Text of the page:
Things You Didn’t Know About Test Security at ETS
Maintaining the security of our assessments at ETS has been a
decades-long endeavor. As testing has moved from paper and pencil to computer
based, and from test center to at home, the transformation of the testing
industry has been profound. With this evolution comes the need to envision
security in new and different ways and that we are continuously doing
everything necessary, and then some, to stay ahead of those who attempt to
cheat and harm the integrity of our tests.
As complex as the test security field can be, here are five things you
may not know (but should) about test security at ETS:
ETS’s Office of Testing
Integrity (OTI) has been combatting test fraud and cheating for over 64 years.
In coordination with highly
trained proctors, AI technologies and data analysis, the team works to analyze
scores and testing sessions that are suspected of having been earned or
conducted unfairly and, as a result, cancel test scores, should evidence
warrant doing so.
ETS has invested billions
of dollars over the last 6 decades in test security and technology
infrastructure to combat cheating.
We are investing to further
our technological capabilities and improve test security measures to catch even
the most minute forms of cheating. These capabilities and improvements include
but are certainly not limited to: continued remote access software (RAS)
prevention using ETS proprietary expertise and capabilities; enhancing machine
learning models to continue to detect dishonest test-taking behaviors; the
development of new and refinement of existing statistical evaluation models;
and continued research on new item types and assessment design approaches.
ETS can, and does, cancel
test scores — even after they are released to test takers and institutions.
When ETS has evidence that
a test taker’s scores may have been earned unfairly — a violation of our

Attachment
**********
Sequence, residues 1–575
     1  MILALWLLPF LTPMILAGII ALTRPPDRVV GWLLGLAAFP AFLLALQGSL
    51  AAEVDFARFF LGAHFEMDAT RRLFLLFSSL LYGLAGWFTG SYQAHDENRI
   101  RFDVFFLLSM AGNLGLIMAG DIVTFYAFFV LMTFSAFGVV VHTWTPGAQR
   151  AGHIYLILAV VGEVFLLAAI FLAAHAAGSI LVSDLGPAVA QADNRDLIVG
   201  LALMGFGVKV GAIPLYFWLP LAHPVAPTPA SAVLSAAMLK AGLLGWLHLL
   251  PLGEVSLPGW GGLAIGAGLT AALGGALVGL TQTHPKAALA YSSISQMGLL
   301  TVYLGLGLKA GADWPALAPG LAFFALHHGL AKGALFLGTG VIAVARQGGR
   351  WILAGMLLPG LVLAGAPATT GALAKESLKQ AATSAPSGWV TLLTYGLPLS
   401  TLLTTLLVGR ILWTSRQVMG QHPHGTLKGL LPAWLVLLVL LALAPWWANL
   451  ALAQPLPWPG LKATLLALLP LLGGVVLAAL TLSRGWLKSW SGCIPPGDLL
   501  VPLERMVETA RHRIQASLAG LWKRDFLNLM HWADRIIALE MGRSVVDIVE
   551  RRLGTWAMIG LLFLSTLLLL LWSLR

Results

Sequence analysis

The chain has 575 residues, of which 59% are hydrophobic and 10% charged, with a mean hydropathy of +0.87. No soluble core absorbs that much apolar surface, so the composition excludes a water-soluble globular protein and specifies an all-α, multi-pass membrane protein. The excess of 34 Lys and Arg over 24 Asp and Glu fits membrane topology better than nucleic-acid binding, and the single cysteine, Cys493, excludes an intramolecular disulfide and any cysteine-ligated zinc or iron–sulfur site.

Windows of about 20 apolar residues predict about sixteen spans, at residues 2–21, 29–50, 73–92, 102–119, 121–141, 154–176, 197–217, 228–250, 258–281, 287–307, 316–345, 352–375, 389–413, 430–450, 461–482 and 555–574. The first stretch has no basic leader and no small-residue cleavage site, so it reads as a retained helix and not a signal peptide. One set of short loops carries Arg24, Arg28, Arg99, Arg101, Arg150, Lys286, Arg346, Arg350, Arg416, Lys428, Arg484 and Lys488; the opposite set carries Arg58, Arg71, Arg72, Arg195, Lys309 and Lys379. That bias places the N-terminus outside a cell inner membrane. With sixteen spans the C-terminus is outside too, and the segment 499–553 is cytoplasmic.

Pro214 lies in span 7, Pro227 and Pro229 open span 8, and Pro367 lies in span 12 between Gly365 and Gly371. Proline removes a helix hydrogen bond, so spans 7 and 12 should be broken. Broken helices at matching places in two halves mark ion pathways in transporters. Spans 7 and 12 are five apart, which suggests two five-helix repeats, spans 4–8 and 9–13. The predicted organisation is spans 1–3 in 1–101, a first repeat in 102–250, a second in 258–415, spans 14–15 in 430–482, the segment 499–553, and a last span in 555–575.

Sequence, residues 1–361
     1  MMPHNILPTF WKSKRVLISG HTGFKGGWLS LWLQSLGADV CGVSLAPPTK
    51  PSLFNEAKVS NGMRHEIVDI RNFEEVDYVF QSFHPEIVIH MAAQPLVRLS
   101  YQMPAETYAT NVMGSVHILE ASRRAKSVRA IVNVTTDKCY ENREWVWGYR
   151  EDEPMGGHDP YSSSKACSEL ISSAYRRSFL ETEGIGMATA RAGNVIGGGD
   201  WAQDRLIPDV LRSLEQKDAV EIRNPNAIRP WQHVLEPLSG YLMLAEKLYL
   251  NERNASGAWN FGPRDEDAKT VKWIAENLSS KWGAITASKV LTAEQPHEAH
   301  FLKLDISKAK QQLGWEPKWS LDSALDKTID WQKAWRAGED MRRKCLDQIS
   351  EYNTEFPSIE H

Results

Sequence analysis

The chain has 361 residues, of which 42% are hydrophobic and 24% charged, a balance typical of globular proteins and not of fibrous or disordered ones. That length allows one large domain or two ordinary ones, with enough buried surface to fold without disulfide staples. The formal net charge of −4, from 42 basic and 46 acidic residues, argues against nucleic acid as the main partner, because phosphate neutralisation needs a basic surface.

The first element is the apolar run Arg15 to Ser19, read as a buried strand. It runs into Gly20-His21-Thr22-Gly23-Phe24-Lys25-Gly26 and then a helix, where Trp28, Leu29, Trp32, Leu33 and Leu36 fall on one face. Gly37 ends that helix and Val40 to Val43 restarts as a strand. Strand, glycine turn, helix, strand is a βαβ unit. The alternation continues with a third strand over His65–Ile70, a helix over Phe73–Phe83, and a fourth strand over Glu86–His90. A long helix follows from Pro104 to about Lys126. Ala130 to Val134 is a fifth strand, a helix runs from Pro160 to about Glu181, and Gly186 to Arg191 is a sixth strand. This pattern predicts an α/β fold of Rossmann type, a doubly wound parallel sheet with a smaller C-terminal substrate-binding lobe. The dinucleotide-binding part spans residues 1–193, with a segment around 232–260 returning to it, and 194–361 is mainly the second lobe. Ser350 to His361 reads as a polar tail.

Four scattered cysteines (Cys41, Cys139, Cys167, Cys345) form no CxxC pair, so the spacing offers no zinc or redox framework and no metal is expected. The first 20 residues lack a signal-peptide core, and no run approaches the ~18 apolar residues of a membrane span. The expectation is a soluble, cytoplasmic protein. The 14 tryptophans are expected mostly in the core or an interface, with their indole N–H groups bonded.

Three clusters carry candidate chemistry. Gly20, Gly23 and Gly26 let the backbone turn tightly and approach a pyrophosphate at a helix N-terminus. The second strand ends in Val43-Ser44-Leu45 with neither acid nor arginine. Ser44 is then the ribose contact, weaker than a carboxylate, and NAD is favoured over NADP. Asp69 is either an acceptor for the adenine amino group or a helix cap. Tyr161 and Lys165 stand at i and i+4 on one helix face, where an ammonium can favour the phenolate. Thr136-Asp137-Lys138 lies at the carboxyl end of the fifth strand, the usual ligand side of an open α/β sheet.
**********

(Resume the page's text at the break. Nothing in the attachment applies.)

testing policy — OTI can hold scores from being released to further evaluate
the testing session and score earned to determine whether those scores should be
Cheating on standardized
assessments is not unique to ETS.
Cheating is an industrywide issue which has been spotlighted by the boom
of the remote testing industry over the last 2 years. Although it is not
frequently discussed within the education sector, we owe it to our stakeholders
to keep them informed of what we are seeing, how we are addressing concerns and
our plans for the future. Unreliable scores have implications for unprepared
students who cannot meet the rigor of higher education programs and in turn
have negative impacts on hard-earned institutional reputations.
At home assessments have
contributed to an increase in cheating attempts among test takers.
With the new delivery model of at home testing, ETS has seen a more than
200% increase in score cancellations across both TOEFL® and GRE® test
administrations combined in our second year of at home testing (FY21) compared
to the first year (FY20). Although this increase has occurred, this does not
mean we have waned in our vigilance. In fact, quite the opposite is true, which
is evidenced by our ability to identify fraudulent activity and cancel scores
after thorough analysis and investigations have taken place. While there are
more attempts at cheating, by default, more scores are being cancelled.
By Ray Nicosia a Principal, Test Security in the Office of Testing
Integrity at ETS.